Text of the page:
Pleomorphic ventricular tachycardia is characterized by QRS complexes with repeated variation in polarity, amplitude, and regularity. When associated with prolongation of the QT interval, the term torsades de pointes is used to describe the arrhythmia. It usually is seen clinically in association with class IA antiarrhythmic drugs such as quinidine and procainamide, bradycardia, hypokalemia, and, much less often, other drugs and electrolyte disorders as well as a result of congenital and neurogenic causes. It also may accompany acute myocardial infarction or ischemia. We describe four patients in whom pleomorphic ventricular tachycardia was observed as the presenting rhythm or during the course of resuscitation in out-of-hospital cardiac arrest. In all four patients, acute myocardial ischemia appeared to be the provocative mechanism. Therapeutic implications include an awareness of the unusual behavior of this arrhythmia, especially its propensity to terminate spontaneously. Such awareness may prevent the delivery of unnecessary defibrillatory shocks.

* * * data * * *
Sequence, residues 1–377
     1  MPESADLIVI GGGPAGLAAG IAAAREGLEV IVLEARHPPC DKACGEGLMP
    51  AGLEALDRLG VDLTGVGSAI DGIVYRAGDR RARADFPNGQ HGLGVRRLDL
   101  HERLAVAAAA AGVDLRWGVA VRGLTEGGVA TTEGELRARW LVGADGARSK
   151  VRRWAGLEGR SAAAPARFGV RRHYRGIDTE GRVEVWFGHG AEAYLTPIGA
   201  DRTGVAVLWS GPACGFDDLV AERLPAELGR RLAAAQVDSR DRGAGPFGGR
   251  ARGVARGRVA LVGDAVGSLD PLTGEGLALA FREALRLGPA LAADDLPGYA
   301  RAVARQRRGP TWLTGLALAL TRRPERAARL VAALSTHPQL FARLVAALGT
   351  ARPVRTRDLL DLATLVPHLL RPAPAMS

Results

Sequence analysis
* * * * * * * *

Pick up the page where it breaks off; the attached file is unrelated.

- pleomorphic ventricular tachycardia
- torsades de pointes
ASJC Scopus subject areas
- Emergency Medicine